Microapps architecture in Swift. SPM basics.

This week I want to start a series of posts about the new approach I use to build scalable apps in Swift. Microapps architecture allows you to reduce the compile-time and enhances the separation of concerns in your codebase. Teams can produce a module per feature and run it as a separate app to improve the value delivery.

To learn more about the benefits of Microapps architecture, take a lookt at “Meet the microapps architecture”.

Swift Package Manager became the heart of this approach. It allows us to extract every feature into a separate Swift module and reduce the compile-time of your project. In this case, Xcode compiles only changed modules and doesn’t compile untouched modules.

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First of all, let’s create a Swift Package that contains all our app’s modules. Swift packages are flexible enough and can include many modules that may depend on each other.

Swift-Package-Manager-Creation

We have an already created empty Xcode project called MyApp. Go to the menu and choose File -> New -> Package to create a new Swift package. Let’s call our Swift package MyAppLibrary and put it in the root folder of the project. You also need to add it to your app project at the bottom of the dialog screen.

Now we have a Swift package that will contain all the modules we want to share between multiple targets of our app. For example, watch app and widgets may need different modules to build their functionality. So we shouldn’t bundle the whole app codebase to create a simple widget.

Swift-Package-Manager-Project

Let’s remove the content of the Sources and Tests folders in our Swift package. These two folders are crucial for any Swift package. We must place all the source code and tests there. Swift package doesn’t use any project file. It is smart enough to understand your folder structure.

We should define our modules in the Package.swift file. This file contains all the information about the targets living in the package and the products we can import into other projects. Let’s take a detailed look at the package definition.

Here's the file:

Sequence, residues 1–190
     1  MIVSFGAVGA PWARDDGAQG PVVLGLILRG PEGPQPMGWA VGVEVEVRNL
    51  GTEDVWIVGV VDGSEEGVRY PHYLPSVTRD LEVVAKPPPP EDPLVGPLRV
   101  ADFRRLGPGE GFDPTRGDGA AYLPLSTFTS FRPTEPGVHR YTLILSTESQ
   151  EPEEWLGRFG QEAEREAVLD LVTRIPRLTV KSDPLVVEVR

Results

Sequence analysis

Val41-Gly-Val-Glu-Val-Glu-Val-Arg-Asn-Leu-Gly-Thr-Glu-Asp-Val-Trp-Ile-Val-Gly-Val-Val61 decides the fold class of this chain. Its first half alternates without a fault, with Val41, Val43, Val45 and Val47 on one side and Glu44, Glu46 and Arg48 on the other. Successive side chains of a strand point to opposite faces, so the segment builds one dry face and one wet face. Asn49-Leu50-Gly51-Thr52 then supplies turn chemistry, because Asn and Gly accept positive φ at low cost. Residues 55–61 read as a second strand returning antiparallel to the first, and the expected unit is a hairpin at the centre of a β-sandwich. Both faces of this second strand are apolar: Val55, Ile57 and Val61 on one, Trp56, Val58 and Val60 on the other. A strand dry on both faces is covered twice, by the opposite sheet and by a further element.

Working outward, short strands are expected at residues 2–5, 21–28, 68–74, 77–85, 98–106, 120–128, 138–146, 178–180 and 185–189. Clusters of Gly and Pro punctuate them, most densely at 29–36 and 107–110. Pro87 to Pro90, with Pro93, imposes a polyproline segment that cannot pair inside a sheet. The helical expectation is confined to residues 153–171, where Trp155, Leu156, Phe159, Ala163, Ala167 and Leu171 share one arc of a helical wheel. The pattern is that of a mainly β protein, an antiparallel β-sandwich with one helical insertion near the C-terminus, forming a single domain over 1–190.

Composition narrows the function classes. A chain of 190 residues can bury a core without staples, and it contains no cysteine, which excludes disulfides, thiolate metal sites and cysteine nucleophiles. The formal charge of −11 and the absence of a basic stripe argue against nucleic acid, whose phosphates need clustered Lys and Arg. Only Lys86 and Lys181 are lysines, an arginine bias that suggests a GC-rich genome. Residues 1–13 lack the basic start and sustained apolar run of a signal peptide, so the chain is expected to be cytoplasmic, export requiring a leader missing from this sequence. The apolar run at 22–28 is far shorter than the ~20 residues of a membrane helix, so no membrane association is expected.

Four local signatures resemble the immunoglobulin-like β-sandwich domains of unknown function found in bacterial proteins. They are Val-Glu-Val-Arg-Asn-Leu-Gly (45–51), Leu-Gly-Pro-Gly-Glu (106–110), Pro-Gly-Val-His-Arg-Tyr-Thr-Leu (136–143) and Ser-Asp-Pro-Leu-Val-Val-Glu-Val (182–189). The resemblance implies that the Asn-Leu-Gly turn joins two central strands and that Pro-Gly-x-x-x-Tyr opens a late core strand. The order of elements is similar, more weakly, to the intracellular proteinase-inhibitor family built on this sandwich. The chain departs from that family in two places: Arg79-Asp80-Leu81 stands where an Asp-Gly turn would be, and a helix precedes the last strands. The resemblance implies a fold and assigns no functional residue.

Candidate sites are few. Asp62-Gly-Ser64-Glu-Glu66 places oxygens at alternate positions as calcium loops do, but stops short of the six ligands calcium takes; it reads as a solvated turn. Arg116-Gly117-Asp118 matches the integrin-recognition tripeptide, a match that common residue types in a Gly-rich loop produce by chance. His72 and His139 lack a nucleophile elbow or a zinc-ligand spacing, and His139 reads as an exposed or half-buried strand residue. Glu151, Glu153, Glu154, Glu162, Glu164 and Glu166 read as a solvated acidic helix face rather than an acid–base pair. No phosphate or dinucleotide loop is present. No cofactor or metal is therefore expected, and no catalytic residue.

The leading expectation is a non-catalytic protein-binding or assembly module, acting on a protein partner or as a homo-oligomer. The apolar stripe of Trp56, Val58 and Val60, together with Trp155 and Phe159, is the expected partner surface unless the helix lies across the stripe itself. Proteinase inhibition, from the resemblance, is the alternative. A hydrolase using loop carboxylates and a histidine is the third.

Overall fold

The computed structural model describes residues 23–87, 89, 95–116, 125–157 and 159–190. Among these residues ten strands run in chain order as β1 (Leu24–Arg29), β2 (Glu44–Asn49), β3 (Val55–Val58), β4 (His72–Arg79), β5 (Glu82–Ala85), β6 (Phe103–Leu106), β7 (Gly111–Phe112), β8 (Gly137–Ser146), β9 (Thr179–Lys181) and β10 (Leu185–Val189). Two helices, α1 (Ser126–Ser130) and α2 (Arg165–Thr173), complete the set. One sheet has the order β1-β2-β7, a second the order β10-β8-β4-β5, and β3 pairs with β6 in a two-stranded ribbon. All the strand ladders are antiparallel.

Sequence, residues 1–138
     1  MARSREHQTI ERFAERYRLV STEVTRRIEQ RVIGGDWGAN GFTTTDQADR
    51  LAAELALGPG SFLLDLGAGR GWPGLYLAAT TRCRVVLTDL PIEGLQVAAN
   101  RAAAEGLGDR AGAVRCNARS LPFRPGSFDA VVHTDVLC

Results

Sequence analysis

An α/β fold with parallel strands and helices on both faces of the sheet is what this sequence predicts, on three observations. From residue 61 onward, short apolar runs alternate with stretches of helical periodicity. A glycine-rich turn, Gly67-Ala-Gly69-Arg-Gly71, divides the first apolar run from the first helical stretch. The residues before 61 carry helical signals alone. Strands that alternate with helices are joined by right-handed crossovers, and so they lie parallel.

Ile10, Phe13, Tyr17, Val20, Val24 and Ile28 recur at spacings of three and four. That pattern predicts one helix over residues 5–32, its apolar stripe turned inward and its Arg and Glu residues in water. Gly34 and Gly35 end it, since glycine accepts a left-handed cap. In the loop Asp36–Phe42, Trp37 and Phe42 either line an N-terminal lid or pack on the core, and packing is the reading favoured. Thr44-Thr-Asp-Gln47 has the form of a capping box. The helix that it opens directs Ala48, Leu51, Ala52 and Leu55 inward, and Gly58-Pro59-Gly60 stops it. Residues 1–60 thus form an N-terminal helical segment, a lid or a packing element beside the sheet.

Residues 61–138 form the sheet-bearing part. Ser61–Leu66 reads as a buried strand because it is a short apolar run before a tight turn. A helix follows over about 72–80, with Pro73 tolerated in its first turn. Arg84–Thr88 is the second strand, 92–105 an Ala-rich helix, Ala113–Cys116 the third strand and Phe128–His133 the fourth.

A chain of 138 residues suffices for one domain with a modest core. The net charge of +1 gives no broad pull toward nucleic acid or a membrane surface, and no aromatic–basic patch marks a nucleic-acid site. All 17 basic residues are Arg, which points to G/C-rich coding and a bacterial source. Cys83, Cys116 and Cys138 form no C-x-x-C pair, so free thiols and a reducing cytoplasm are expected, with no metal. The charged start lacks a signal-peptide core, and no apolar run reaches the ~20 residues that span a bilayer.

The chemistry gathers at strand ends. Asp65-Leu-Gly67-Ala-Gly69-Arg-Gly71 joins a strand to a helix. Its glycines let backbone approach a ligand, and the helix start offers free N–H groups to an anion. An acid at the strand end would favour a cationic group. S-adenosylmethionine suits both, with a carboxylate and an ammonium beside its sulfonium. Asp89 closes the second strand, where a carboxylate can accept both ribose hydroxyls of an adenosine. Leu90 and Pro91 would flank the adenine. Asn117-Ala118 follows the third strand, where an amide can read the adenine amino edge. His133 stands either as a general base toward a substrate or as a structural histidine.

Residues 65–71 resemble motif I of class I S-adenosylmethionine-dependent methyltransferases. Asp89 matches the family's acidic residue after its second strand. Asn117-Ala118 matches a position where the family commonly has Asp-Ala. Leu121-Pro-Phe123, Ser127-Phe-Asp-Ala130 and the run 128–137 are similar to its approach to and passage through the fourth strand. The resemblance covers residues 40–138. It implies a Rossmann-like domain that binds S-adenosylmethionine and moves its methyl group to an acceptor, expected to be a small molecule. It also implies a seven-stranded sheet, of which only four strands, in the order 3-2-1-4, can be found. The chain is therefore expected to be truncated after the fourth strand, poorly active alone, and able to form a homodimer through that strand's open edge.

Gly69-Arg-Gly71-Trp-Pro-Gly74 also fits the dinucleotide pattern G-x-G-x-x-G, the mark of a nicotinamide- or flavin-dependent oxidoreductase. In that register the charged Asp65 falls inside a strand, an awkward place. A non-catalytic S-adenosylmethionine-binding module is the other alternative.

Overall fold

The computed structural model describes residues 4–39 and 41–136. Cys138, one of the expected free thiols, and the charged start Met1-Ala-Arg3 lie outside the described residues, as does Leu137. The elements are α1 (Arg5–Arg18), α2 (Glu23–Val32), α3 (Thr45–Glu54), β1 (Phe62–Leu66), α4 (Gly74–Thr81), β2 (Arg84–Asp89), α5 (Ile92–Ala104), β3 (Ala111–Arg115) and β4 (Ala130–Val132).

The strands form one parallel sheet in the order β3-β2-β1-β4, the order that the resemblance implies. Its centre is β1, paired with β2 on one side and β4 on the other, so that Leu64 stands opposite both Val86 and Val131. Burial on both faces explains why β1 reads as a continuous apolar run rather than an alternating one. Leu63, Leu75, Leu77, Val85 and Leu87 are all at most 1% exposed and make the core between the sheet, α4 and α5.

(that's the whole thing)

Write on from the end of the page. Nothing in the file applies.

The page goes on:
import PackageDescription

let package = Package(
    name: "MyAppLibrary",
    platforms: [.iOS(.v15)],
    products: [
        .library(
            name: "DesignSystem",
            targets: ["DesignSystem"]
        )
    ],
    dependencies: [
        .package(
            url: "https://github.com/mecid/SwiftUICharts",
            from: "0.6.3"
        )
    ],
    targets: [
        .target(
            name: "DesignSystem",
            dependencies: ["SwiftUICharts"]
        ),
        .testTarget(
            name: "DesignSystemTests",
            dependencies: ["DesignSystem"]),
    ]
)
  1. Name - the name of the package.
  2. Platforms - platforms supported by the package.
  3. Products - libraries and executables that another Swift project can import or run.
  4. Dependencies - the list of dependencies needed to build the current package.
  5. Targets - Swift modules that complier builds independently.

Now we can create our first module that contains the Design System of our app. This module includes button styles, empty views, and other design-related things that we want to use across different features of our app. To create a new module, we have to create a folder inside the Sources folder of our package. Let’s call this folder DesignSystem as we define it in Package.swift file.

import SwiftUI

public struct MainButtonStyle: PrimitiveButtonStyle {
    public func makeBody(configuration: Configuration) -> some View {
        Button(configuration)
            .controlSize(.large)
            .buttonStyle(.borderedProminent)
    }
}

extension PrimitiveButtonStyle where Self == MainButtonStyle {
    public static var main: Self { .init() }
}

struct ButtonStyles_Previews: PreviewProvider {
    static var previews: some View {
        Button("Action") {}
            .buttonStyle(.main)
    }
}

Here is the source code for the main button style that we will use across the app. Take a look at the public access modifier. Swift uses the internal access modifier by default making your code visible only inside the current module. We should explicitly mark the types and functions with the public access modifier to make them visible outside the current module. This way, we can improve the boundaries of our modules and control which types should be visible.

We also should create a DesignSystemTests folder in the Tests folder of the Swift package to place our tests there. Xcode automatically updates the scheme of our project, and you can run the tests by pressing CMD+U.

Now we can add DesignSystem library in the Frameworks, Libraries, and Embedded Content section of the MyApp project to import and use it. This week we learned about the basics of Swift Package Manager that we would use as the core tool while implementing Microapps architecture. I hope you enjoy the post. Feel free to follow me on Twitter and ask your questions related to this post. Thanks for reading, and see you next week!

References

  1. Meet the microapps architecture
  2. Introduction to App Modularisation with Swift Package Manager